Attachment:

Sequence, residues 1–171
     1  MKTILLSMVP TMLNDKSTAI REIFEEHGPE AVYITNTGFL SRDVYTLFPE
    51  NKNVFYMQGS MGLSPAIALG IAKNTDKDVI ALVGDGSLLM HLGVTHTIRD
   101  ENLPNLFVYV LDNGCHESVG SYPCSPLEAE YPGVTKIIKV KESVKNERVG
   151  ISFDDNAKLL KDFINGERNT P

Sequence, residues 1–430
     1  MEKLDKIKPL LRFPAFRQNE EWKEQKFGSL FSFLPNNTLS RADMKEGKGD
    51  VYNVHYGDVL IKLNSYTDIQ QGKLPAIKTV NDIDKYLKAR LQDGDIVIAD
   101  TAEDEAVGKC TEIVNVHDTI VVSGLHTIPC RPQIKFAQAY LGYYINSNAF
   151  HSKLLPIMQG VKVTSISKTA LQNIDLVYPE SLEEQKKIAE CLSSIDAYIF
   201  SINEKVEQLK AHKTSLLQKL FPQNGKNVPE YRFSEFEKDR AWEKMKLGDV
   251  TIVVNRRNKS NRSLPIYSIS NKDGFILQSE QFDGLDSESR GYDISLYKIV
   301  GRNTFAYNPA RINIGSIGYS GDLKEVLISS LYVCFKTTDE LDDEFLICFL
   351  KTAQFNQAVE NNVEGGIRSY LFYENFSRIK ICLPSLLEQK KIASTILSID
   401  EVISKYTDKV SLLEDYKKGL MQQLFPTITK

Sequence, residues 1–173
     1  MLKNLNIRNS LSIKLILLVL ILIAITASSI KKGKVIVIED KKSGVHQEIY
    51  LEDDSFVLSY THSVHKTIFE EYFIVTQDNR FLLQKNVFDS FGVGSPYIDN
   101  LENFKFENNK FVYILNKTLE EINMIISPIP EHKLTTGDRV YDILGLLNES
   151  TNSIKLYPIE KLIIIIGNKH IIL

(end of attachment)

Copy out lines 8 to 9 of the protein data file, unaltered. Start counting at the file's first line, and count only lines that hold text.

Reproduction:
    51  VYNVHYGDVL IKLNSYTDIQ QGKLPAIKTV NDIDKYLKAR LQDGDIVIAD
   101  TAEDEAVGKC TEIVNVHDTI VVSGLHTIPC RPQIKFAQAY LGYYINSNAF